The deadline of March 31, 2004 given to the National
Finance Commission to achieve a consensus on the 6th Award has already
passed but the desired agreement is still not in sight. The Finance
Minister, Shaukat Aziz after 2 days of unsuccessful deliberations at
Quetta (March 30-31) has reportedly requested the Prime Minister to
intervene and help in evolving a consensus.
The main issues relating to 6th NFC Award are now
well-known. First the provinces want their share in the devisable pool
to be raised from 37.5 to 50 percent but the center which was previously
insisting on 45 percent has reportedly agreed in Quetta meeting to raise
provinces share to 46 percent. The other and the major disagreement is
on the formula for inter-provincial distribution of resources in the
The federal-provincial equation may be solved by
center showing a little bit more generosity by increasing provinces
share to 47.5, but the inter-provincial distribution remains
contentious. The previous five awards have been distributed on the basis
of population. Punjab alone has been satisfied with this as it got 57.88
percent of the total on the basis of its population under 1981
population census while Balochistan received 5.3 percent, Sindh 23.28
percent and NWFP 13.54 percent. Punjab wants that basis to continue
while the other 3 provinces have their own proposals to on alternate
basis. Sindh wants revenue generation to be the basis; Balochistan and
NWFP desire area and level of development of the Province to be the
basis. Apart from this demand of NWFP and Balochistan demand their share
in profits of hydle power and gas respectively. It is yet another point
on which there is a difference of opinion amongst the NFC members.
Prime Minister Mir Zafarullah Khan Jamali, who had a
long session with the Finance Minister after Quetta meeting emphasized
the need of finalizing the Award within the next 2/3 weeks so that the
budget proposals for the coming financial year could be prepared in its
light. While assuring full personal help, the Prime Minister has
directed the Finance Minister that adequate resources be made available
to the center and the provinces as it was essential for improving the
effectiveness of the governance, infrastructure financing their
development needs and improving the standard of common man.
The NFC is a constitutionally mandated forum to
distribute federally collected financial resources between the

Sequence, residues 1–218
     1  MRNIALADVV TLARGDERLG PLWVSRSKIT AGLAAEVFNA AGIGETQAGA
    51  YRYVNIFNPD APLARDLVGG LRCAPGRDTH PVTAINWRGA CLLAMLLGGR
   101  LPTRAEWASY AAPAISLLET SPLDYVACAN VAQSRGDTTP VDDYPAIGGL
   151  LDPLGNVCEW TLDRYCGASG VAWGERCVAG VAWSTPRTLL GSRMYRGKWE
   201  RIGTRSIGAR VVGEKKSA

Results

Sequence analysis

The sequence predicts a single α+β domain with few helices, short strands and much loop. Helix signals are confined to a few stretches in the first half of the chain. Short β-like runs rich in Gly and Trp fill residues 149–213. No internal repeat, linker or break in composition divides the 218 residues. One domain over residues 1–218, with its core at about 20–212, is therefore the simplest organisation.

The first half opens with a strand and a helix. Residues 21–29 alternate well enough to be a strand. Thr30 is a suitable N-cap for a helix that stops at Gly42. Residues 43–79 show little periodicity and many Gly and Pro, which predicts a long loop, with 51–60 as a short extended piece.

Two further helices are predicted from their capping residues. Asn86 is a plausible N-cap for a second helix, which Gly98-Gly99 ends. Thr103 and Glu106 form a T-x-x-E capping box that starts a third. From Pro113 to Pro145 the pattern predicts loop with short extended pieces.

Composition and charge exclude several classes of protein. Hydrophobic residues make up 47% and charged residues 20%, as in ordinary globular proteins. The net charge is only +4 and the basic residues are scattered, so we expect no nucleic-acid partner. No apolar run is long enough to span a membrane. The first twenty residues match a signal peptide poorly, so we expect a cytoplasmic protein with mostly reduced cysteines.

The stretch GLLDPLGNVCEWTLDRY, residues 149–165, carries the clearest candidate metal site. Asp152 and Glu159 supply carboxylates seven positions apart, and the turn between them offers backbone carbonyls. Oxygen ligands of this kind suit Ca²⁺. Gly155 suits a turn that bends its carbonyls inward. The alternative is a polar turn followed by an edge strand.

federation and federating units: Balochistan, the NWFP, Punjab and Sindh.
The federal finance minister heads the NFC and the provinces are
represented by their respective ministers of finance. The other four
members of the commission represent the interest of their respective
The NFC award process predates the 1973 Constitution.
However, under the 1973 Constitution, the federation and the provinces
have, in addition to their exclusive sources of revenue, a divisible
pool comprising a certain proportion of the net of specific taxes to be
shared by all constituents and the federation. The constitution spell
out the taxes that constitute the divisible pool but the president has
the authority to make changes. Under the last NFC Award signed in
February 1997, the federal government transferred Rs. 96.15 billion to
Pubjab, Rs. 67.3 billion to Sindh, Rs. 22.3 billion to the NWFP and Rs.
17 billion to Balochistan — a total of Rs. 193 billion to all the four
The NFC Chairman, Finance Minister Shaukat Aziz, with
full backing of the Prime Minister has started a round of negotiations
to resolve the issue before the next meeting, now scheduled for
Islamabad in a week or so. He met Ch. Pervez Elahi in this connection.
So far, Senator Aziz had been handling matters with confidence, but now
its seems he has felt the need for a senior politician to play a
mediating role. It is also significant that he has not gone to the
President. This is because, as Senator Aziz may have realized by now,
that the NFC, like other federal coordination exercises, is more about
politics, where he is a neophyte, than about finance, where he is an
undoubted expert. Mr. Jamali built a pro-province consensus for the 1991
award, while merely Balochistan's unofficial member. As Prime Minister,
given a free hand, he is probably the best person to break the current
deadlock, not because of his economic wizardry, but political experience
and a commonsense understanding of the issues.